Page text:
Killing vector in Stephani

  1. Pengwuino

    Pengwuino 6,942
    Gold Member

    In Stephani's "Relativity", section 33.3, equation (33.9), he has the Killing equations for cartesian coordinates as


    From there he says upon differentiation, you can get the following three equations


    Now, I'm not use to the ,; notation, but doesn't the first equation mean

    [tex]\partial_b \xi_a + \partial_a \xi_b=0[/tex]?

    If so, I don't understand the other 3 equations then. If for example, the first one is suppose to be subsequent differentiation by [tex]\partial_c[/tex], then wouldn't it be[tex]\xi_{a,b,c}+\xi_{b,a,c}=0[/tex]?
  2. jcsd
  3. cepheid

    cepheid 5,189
    Staff Emeritus
    Science Advisor
    Gold Member

    I think that it is supposed to be a second derivative, and the second comma is omitted. So:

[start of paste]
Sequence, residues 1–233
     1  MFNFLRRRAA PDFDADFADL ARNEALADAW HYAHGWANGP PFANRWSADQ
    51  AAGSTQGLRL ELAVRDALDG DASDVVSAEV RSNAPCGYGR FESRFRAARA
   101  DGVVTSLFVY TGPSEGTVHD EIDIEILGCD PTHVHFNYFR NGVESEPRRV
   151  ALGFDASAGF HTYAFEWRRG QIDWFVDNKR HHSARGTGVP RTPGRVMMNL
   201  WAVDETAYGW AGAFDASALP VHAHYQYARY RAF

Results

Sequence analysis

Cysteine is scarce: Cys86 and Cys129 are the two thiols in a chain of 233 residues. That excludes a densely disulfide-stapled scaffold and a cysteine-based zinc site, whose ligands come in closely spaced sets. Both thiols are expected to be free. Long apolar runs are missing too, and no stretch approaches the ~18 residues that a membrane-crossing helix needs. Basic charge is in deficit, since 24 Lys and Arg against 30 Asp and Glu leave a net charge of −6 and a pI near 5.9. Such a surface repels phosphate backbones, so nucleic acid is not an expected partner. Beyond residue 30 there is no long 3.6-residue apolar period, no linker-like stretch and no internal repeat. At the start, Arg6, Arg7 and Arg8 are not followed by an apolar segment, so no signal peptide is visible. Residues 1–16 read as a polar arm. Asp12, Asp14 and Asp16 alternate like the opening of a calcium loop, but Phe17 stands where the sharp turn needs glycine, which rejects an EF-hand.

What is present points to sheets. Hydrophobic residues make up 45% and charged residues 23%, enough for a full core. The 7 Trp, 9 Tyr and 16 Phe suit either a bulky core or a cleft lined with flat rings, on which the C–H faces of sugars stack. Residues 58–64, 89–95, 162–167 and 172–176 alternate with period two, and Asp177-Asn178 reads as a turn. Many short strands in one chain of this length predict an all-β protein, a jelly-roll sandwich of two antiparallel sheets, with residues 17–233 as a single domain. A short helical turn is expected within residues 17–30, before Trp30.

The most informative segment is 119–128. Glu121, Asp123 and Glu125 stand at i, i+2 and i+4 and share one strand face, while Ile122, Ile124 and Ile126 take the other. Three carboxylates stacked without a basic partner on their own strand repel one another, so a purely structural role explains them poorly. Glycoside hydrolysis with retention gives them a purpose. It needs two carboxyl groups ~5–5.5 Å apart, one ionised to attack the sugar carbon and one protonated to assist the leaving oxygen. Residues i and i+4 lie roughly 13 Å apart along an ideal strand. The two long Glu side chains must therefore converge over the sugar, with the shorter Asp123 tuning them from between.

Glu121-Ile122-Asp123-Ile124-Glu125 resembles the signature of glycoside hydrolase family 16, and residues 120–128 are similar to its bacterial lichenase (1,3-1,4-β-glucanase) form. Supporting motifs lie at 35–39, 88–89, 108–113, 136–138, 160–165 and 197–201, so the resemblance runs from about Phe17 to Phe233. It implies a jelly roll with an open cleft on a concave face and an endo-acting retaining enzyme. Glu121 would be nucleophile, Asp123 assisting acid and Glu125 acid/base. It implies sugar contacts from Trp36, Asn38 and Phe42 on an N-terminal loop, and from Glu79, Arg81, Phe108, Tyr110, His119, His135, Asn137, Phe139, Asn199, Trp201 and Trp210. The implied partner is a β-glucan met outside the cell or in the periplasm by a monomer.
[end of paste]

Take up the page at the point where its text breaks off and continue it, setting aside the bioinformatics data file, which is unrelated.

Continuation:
[tex] \xi_{b,ca} = \partial_a(\partial_c\xi_b)[/tex]

    EDIT: If you assume that, then does it work?
  4. Pengwuino

    Pengwuino 6,942
    Gold Member

    As far as i can tell, no. He seems to be permuting the indices but I don't know what about the killing vector allows one to do that.
  5. dextercioby

    dextercioby 12,327
    Science Advisor
    Homework Helper

    If you're working in a flat space without a torsion, then the partial derivatives commute when applied to any covector, be it Killing or not.

    So from the Killing equation [itex] \xi_{(a,b)} = 0 [/itex], differentiating it by [itex] x^c [/itex], one obtains succesively

    [tex] \xi_{(a,b)c} = \xi_{(a,bc)} = 0 {}[/tex] ,

    thing which allows you, Stephani and everybody else to permute the indices in every of the 6 possible cases, without changing anything.
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